Don't believe me?  I know how easy it is to be taken in by these hucksters, because I almost was myself.  They found me as I was shopping my first novel, Temple of Exile, around looking for a publisher.  They were so smooth they made butter look like sandpaper, and they might have caught me if their first request for money, for "editing" services, hadn't been so far beyond my means.  I'm here now, an almost-victim, to try to help you avoid these predators.  And you don't have to take my word for it.  Read what the Science Fiction and Fantasy Writers of America has to say about them at  It's a fascinating read, but don't go into it unless you have a couple of hours to spend.  Yeah, it's that bad.
          So that's today's post.  There are, unfortunately, people out there, lots of them, who feel that they are somehow entitled to take your money and give you nothing for it, and they know that people with dreams are soft targets.  Knowledge is power, forewarned is forearmed, intelligence is victory; you guys are writers, you've heard them all.  They're all true.  Educate yourselves, be smart, and don't be a victim.  And until we meet again, let's be careful out there!

*The delightful photograph is from the Trades that Shaped the West living history exhibit in San Diego's Old Town, and was snapped by my good friend Richard Schulte.  You can enjoy thousands more of his quality photos by visiting his photoblog at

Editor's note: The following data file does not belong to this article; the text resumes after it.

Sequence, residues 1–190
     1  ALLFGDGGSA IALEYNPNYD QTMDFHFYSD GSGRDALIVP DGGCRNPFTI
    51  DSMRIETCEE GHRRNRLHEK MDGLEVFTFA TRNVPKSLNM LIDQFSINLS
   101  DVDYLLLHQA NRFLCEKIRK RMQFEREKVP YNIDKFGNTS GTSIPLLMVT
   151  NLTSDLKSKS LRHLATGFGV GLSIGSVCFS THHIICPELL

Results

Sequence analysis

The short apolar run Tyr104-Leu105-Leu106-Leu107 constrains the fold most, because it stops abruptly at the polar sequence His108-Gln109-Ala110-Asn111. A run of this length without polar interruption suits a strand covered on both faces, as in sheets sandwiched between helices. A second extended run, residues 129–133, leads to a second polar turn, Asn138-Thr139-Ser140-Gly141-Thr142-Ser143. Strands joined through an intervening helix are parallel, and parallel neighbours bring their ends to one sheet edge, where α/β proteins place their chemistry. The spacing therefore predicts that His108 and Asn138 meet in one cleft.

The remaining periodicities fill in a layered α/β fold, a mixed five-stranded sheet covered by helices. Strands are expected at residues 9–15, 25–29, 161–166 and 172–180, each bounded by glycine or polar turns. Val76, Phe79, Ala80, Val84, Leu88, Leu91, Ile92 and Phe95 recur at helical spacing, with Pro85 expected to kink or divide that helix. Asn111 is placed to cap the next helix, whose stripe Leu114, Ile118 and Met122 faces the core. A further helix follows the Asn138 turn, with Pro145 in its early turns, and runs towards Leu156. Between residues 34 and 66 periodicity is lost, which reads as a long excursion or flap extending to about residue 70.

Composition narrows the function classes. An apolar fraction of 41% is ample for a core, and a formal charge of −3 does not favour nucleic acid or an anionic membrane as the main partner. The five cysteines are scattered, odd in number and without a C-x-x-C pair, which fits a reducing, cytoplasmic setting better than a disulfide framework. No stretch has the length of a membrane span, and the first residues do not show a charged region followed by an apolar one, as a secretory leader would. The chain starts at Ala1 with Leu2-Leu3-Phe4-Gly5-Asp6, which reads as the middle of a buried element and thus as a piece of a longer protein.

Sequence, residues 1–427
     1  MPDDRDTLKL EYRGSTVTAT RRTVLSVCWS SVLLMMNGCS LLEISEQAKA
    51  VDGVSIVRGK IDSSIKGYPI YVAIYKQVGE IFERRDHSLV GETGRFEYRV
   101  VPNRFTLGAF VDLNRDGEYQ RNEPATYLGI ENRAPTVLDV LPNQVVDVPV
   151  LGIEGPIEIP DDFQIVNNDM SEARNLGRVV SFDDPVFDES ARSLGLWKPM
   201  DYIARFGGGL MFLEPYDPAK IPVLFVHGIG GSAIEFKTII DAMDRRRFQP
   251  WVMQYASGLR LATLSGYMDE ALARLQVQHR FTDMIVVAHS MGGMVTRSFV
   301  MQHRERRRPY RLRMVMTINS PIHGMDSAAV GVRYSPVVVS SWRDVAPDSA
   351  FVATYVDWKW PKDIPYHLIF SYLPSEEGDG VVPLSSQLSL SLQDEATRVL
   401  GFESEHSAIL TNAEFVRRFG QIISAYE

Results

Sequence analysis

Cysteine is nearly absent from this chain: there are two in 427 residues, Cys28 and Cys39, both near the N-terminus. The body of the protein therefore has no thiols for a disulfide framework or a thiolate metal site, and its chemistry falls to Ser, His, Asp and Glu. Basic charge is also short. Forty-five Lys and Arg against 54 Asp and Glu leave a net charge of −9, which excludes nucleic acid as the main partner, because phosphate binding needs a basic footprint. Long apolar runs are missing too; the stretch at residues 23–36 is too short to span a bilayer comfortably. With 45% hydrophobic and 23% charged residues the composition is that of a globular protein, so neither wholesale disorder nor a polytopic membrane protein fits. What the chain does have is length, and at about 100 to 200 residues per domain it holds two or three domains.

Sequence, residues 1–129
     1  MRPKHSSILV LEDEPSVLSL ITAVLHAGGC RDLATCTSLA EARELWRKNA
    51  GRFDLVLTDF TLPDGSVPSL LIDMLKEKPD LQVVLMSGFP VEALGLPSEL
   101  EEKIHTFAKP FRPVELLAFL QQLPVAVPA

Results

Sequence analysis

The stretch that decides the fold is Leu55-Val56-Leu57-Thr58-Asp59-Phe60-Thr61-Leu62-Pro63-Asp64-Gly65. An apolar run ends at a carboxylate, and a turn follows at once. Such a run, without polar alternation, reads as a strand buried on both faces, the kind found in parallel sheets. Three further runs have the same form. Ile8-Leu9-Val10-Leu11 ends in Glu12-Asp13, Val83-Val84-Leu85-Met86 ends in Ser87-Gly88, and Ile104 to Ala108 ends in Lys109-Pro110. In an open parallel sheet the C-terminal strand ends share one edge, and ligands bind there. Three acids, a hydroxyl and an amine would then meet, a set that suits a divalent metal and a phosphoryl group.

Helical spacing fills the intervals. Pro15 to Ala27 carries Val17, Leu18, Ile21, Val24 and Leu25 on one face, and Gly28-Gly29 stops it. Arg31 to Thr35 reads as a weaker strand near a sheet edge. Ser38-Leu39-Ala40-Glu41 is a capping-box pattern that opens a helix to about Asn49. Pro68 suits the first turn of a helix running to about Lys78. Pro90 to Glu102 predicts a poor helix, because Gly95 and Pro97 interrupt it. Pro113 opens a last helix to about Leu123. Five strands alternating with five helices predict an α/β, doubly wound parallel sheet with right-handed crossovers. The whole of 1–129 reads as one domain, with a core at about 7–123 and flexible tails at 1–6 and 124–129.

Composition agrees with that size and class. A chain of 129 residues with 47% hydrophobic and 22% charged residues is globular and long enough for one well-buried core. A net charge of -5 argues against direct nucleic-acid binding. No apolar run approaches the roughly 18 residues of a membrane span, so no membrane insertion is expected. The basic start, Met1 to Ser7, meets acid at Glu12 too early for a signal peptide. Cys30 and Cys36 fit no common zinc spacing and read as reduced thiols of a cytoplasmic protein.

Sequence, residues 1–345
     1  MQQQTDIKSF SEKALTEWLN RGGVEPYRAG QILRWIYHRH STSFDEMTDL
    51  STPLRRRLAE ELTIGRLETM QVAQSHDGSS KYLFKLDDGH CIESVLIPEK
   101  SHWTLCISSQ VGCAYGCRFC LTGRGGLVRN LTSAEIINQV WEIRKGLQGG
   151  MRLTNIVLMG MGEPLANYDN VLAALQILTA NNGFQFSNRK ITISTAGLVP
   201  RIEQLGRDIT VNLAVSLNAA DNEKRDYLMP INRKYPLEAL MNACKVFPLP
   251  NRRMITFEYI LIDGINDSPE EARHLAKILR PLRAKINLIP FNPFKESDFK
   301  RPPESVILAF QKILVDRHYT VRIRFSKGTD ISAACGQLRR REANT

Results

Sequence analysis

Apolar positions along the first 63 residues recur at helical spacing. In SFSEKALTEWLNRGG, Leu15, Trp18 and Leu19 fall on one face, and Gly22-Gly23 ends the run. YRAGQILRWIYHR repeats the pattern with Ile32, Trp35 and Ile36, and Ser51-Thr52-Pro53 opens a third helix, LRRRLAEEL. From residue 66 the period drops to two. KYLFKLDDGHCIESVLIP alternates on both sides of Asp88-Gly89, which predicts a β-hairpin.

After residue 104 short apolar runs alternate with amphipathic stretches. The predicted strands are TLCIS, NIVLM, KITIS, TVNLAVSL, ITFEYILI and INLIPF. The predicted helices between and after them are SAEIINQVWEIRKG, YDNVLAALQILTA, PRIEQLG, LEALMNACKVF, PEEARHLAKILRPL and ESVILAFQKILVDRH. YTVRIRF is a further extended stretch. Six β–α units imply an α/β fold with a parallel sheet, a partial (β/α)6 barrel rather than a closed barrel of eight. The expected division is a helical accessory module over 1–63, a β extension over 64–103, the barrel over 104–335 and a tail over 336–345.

1. You are singing my song, good sir!

    Sad to say, PT Barnum was right. But hopefully you've denied the hucksters a few bucks and saved a few dreams.

  2. It's been like this for quite a while. If somebody randomly calls or emails and says they want to offer cheap services, it's a scam.

  3. Thanks for stopping by, you guys! I can but try; I can at least delude myself that I'm doing some good with this thing. And yes, it's been like this since the first Neanderthal discovered that he could trick the guy in the next cave out of something, but the difference now is the ease of access to victims. They used to have to look you in the eye and deliver their spiel, and maybe answer questions. Now they claim to be your bank or the IRS, and send us all your money. They can tailor their fraud to address concerns you didn't even know you had, and writers, because of the difficulty of getting noticed by the "Big Five," are prime targets. "For just a few dollars," they can get you published, and once you're on the line, it's "a few dollars more." And more, and more, and more. Do your homework; own your dream!

  4. The new scams offer self-publishers the exposure and reviews we crave - except that what you pay for has no guarantees. I investigated the first few, found them 'too good to be true,' and didn't bite.

    Amazon's Terms of Service are my guidelines - and it is obvious what they're for: maintaining some modicum of integrity to the review process. There's still a lot of scamming, but they keep revising their algorithms to try to keep KU going without feeding all its funding to Nigerian princes with robot farms and Chinese mining for gold (like in the gaming world).

    You get to be pretty quick to spot them, if you remember you can't scam an honest person. There is always some little 'trick' that's only for you...